The bean varieties were Kanyebwa, a landrace commonly grown in Uganda, and NABE4, an improved variety released by NaCRRI. Both varieties were sown at a spacing of 50 cm × 10 cm. giving a target plant population of 20 plants/m2. Plot size was 5 × 5 m. The source of phosphorous and nitrogen was triple super phosphate (46% P205) and urea (46% N), respectively. P was applied at 0, 60, 120 and 180 kg P/ha. The dose of N was 25 kg N/ ha to all plots according to NaCRRI recommendations. In addition, all seeds were inoculated with Rhizobia TALL 899 strain (Makerere University, Kampala, Uganda; [4 × 106 rhizobia/g] with one 250-g packet sufficient to inoculate 15 kg seed). Bean plots were rotated with maize variety ‘Longe 5’ grown with similar levels of P and N fertility. The same plot locations were used repeatedly over three seasons for each phosphorous level. Thus,  bean  plots  treated  with  0,  60, 120 and 180 kg P/ha received the same fertilizer treatment for each of three successive seasons. At each site, the eight factorial treatment combinations were arrayed in a randomized complete block design (RCBD) with three replicates.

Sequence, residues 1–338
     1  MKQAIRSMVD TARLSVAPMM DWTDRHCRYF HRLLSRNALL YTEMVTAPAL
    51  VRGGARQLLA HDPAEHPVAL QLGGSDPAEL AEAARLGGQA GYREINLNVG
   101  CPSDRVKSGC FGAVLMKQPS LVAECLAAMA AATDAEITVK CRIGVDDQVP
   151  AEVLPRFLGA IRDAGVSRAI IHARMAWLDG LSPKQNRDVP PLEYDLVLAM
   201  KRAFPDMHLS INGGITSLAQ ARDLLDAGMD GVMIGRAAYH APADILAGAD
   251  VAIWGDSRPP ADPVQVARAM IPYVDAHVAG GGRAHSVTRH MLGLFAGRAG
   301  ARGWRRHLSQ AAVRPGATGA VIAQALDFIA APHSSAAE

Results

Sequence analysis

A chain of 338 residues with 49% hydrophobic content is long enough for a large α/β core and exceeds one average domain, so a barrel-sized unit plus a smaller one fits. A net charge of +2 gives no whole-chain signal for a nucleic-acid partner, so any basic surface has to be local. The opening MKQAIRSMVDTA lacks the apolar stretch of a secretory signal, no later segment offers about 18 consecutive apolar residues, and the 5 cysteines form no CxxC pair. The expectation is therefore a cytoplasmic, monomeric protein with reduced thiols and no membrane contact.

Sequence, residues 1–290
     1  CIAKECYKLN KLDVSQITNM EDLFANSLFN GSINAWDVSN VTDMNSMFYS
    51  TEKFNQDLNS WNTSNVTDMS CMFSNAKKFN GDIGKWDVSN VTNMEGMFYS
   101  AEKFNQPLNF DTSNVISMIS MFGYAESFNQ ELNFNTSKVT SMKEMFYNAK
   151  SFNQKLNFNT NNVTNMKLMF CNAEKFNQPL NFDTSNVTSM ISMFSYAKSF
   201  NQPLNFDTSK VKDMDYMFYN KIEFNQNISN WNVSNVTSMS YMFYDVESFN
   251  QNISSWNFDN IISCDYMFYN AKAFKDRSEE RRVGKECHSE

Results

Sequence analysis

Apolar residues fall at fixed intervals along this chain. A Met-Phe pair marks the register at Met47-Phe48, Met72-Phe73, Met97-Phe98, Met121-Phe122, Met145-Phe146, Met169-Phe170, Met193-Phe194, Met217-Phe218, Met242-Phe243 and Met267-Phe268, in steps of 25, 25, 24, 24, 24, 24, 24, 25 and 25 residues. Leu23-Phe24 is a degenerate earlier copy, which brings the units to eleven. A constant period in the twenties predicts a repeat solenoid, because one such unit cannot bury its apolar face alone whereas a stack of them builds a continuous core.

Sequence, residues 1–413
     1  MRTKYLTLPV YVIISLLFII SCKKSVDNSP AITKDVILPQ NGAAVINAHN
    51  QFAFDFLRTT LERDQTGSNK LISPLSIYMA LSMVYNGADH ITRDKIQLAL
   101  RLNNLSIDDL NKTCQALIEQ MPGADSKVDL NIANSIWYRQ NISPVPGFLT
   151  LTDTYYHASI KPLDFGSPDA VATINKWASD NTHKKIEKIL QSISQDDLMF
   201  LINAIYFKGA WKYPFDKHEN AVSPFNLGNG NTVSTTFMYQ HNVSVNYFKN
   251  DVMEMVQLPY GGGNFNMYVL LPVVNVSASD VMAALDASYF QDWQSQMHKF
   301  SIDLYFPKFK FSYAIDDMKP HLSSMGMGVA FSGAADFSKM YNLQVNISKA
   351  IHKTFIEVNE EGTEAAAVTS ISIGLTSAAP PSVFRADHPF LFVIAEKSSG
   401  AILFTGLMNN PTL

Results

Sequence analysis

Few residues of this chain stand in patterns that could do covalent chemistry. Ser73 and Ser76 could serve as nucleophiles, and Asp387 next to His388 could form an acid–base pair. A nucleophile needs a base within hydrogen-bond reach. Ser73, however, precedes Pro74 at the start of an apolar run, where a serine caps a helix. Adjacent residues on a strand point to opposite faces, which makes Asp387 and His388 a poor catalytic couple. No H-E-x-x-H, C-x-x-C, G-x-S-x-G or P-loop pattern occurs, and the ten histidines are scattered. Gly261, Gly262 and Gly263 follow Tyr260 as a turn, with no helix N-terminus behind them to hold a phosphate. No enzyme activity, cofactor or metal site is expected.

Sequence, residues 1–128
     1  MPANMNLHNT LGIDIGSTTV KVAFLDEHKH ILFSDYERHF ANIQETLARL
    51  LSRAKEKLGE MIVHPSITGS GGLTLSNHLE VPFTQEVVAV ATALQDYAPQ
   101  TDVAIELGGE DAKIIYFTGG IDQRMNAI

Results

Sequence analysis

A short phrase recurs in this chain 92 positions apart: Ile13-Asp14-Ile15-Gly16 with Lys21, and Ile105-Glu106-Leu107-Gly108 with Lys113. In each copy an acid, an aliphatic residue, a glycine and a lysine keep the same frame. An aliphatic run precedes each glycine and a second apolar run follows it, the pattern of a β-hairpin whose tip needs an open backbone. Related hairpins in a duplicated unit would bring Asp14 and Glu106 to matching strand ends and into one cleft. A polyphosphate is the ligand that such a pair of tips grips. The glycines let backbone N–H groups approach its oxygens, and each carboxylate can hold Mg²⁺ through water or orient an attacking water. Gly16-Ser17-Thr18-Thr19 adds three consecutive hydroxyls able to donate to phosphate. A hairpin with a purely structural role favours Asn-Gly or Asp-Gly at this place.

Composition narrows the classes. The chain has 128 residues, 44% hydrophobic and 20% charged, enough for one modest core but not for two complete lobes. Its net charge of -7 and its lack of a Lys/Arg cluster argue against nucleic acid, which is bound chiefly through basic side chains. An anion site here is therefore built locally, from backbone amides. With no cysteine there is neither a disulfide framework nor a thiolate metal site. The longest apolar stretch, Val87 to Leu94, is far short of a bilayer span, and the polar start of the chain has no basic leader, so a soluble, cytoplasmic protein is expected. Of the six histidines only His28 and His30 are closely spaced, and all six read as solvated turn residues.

Soil analysis

Composite soil samples obtained from the surface 20 cm were collected from each site before land preparation. Soil and manure analyses for the on-farm trials were conducted at the National Agricultural Research Laboratories at Kawanda (NARL Kawanda), while those from on-station trials were analyzed at the Makerere University soil analysis laboratory following procedures by Okalebo et al. (2002) and Analytical procedures were similar at both laboratories, except extractable P was determined using the Melich 3 method at NARL Kawanda, while the Bray 1 method was used at Makerere University.


Yield and yield components